Elder Law attorneys need to be active players in state and federal forums to advocate for consumer rights generally and to champion the particular concerns of the elderly. Below are a number of model consumer protection provisions that could be incorporated in federal or state law, regulation or policy relating to public, as well as private, managed care programs.1. Enrollment.
Elder Law attorneys can play an active role in advising clients who are considering enrollment or who have already joined an MCO under Medicare, Medicaid or both programs, providing them with information that will aid them in the decision-making process and that will help them to minimize post-enrollment problems. There are wide range of topics that should be discussed during individual counseling or group presentations regarding public managed care.1.Overview of Managed Care
3. MCO Selection Factors
Medicare, in all settings including managed care, remains primarily a "pay and chase" system, i.e., the client first obtains the medical services and then a claim is filed seeking payment for the services. If coverage is denied, the client is usually financially liable for the costs of care and left to pursue retroactive Medicare coverage through the appeal process. As detailed below, with Medicare managed care, there is the additional prerequisite that the client ask the MCO for the desired care and have that request denied. Only then is the beneficiary allowed to purchase medical care from outside of the MCO and to pursue reimbursement from the MCO. While an appeal seeking access to care can be pursued, the process is still slow, largely immune to hastening, and of limited value when significant delay in obtaining medical services is unacceptable. Most beneficiaries have no practical alternative to purchasing care outside the MCO's network and seeking reimbursement.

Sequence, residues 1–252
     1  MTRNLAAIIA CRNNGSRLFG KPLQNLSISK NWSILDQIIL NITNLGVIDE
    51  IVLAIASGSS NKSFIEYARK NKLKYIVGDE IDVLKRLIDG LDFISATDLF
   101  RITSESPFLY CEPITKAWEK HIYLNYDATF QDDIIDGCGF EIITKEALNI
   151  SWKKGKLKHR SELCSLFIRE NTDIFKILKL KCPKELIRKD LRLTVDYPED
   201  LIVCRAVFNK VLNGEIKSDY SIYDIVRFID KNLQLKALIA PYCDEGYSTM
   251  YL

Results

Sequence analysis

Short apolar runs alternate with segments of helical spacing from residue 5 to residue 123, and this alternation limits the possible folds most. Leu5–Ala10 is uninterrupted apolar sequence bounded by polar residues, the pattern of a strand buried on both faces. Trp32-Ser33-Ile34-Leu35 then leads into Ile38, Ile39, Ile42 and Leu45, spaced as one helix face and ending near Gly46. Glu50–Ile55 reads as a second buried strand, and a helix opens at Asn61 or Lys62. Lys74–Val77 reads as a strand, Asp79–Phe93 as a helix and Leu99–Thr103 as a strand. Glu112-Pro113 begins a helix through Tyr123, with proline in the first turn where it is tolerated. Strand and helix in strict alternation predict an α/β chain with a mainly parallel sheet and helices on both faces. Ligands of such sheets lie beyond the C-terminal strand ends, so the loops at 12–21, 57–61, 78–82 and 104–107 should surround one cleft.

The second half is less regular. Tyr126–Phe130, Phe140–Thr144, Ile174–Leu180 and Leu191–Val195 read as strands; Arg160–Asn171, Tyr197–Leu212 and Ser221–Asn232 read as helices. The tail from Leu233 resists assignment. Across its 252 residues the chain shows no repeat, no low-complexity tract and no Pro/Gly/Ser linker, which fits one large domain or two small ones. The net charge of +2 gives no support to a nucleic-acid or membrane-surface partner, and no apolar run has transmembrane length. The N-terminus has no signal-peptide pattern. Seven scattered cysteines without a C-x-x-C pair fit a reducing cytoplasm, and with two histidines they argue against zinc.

Litigation seeking more effective due process rights for Medicare beneficiaries was filed in Arizona and resulted in a very favorable court decision including requirements for prompt notice of denials, advance notice of the termination or reduction of existing services, expedited appeals, and continuation of services pending an initial appeal decision. Grijalva v. Shalala, Medicare and Medicaid Guide, Commerce Clearing House, ¶45,124 (D. Arizona, March 3, 1997). That decision has been appealed and its implementation stayed.
Shortly after this decision, the Health Care Financing Administration (HCFA) issued new regulations which address some of the same due process issues, but provide weaker consumer protections. 62 Federal Register 23,368 (April 30, 1997). These amend several sections of the Medicare regulations relating to managed care, 42 C.F.R. Part 417. The Balanced Budget Act of 1997 also codifies limited consumer protections, including (1) requirements for timely written determinations as to denials of coverage, which must include explanations and appeal rights, (2) provision for expedited appeals, (3) an anti-gag provision and limitations on incentives for doctors to limit services.
The following discussion is based on the state of the law, including the revised regulations, effective September 1, 1997. An appellate decision in Grijalva might change the appeal system significantly.